Known as the city of a thousand minarets, Cairo (whose name means "the Victorious" in Arabic) is the bustling capital of Egypt and the largest city in Africa. Although it was founded just over 2000 years ago, its site has played host to one of the world's greatest civilizations for more than 6000 years.
Cairo straddles the Nile, the longest river in the world and the backbone of Egypt. The city is bordered by desert on the east, south, and west, while to the north lies the fertile Nile Delta. This sprawling capital serves as the nation's primary administrative, industrial, commercial and tourist centre.
The city is home to many businesses, souks, cultural institutions, mosques and government offices, alongside hotels and universities (one of which is the oldest in the Islamic world). It is also home to the Arab League and the famous Al Azhar University. The sound of car horns constantly fills the air as donkeys, taxis, buses and cars wage they daily battle on the streets.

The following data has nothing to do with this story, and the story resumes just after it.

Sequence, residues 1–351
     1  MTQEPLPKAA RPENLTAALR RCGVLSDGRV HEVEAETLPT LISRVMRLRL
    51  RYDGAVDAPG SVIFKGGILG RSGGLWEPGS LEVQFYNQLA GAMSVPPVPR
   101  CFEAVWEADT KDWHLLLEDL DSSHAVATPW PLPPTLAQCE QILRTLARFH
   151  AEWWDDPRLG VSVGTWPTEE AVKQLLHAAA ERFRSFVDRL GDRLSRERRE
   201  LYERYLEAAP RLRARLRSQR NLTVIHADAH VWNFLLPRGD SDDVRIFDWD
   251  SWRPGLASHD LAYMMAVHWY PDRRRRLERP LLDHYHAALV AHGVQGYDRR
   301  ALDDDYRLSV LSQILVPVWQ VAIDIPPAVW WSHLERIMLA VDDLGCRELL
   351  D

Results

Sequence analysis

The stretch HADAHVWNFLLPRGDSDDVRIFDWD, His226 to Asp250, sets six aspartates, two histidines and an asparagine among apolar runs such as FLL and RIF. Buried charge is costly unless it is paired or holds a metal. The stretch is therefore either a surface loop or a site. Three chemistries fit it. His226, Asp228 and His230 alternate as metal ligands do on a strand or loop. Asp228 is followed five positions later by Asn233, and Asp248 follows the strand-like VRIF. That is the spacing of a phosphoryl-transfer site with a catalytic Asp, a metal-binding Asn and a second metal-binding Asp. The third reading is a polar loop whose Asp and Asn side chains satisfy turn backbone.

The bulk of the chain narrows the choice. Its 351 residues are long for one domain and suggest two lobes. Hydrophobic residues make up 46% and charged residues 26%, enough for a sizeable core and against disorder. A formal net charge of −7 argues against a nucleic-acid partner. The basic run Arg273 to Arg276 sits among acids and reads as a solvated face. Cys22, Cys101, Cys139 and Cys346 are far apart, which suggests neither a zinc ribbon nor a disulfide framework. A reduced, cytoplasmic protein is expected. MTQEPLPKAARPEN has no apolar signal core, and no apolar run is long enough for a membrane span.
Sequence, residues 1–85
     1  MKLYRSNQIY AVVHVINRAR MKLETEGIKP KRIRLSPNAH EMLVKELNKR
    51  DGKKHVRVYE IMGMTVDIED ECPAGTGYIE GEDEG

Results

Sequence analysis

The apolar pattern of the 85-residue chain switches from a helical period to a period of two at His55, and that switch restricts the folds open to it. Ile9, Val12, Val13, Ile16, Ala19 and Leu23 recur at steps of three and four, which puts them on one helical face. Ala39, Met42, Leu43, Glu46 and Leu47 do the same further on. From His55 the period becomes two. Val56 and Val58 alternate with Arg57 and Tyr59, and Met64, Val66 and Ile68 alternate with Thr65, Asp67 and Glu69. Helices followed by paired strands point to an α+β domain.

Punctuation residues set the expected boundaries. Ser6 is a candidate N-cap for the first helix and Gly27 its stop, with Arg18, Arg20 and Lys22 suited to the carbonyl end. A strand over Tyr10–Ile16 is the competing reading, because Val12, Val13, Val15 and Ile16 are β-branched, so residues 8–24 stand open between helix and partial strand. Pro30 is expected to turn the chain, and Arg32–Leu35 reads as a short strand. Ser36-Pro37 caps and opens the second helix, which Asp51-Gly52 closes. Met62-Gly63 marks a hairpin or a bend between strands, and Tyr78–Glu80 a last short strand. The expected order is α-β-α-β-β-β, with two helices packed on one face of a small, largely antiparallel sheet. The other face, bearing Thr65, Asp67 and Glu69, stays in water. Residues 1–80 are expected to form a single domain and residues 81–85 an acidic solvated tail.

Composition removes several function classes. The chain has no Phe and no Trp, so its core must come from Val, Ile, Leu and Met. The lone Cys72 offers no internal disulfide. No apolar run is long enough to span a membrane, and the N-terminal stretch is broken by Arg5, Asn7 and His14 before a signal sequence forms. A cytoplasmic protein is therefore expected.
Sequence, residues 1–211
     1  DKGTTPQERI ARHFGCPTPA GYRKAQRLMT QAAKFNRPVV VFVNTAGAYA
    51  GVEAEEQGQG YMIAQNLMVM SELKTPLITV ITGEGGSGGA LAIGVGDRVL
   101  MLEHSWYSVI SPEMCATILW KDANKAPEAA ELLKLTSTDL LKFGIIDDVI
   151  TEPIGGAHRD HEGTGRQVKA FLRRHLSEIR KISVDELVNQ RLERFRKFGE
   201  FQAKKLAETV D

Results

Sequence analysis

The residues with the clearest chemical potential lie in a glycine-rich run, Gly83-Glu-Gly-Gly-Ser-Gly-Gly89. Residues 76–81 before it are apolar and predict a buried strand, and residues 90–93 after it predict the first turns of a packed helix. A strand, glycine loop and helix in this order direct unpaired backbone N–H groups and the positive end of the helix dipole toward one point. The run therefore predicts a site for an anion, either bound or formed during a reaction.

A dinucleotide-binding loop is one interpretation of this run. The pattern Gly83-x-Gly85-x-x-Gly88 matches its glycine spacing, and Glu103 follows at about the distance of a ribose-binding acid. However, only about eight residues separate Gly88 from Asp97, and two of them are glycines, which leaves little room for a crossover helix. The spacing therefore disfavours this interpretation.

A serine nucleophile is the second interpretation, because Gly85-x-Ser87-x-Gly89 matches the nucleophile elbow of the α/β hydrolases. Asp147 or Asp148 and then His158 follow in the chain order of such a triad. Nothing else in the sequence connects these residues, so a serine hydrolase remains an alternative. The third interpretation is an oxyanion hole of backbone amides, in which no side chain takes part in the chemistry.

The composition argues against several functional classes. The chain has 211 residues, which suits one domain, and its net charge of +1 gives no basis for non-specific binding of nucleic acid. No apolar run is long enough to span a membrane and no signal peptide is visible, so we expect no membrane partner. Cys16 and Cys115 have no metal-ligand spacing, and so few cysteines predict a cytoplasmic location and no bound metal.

Downtown Cairo is a noisy, crowded place whose skyline is dominated by luxury hotels and the Cairo Tower, the visual centre of the skyline. The district is focused on the Corniche, which runs along the eastern bank of the Nile, and the island of Zamalek, and contains many of Cairo's tallest buildings. Old Cairo and Islamic Cairo portray a far more traditional face of the city, with ancient mosques and bazaars crammed into tiny alleys and streets, all overseen by the imposing Citadel complex.
But for all the landmarks in Cairo itself, the skyline is still ruled from a distance by The Great Pyramids of Giza, the last remaining Wonder of the Ancient World and still visible through the Cairo smog.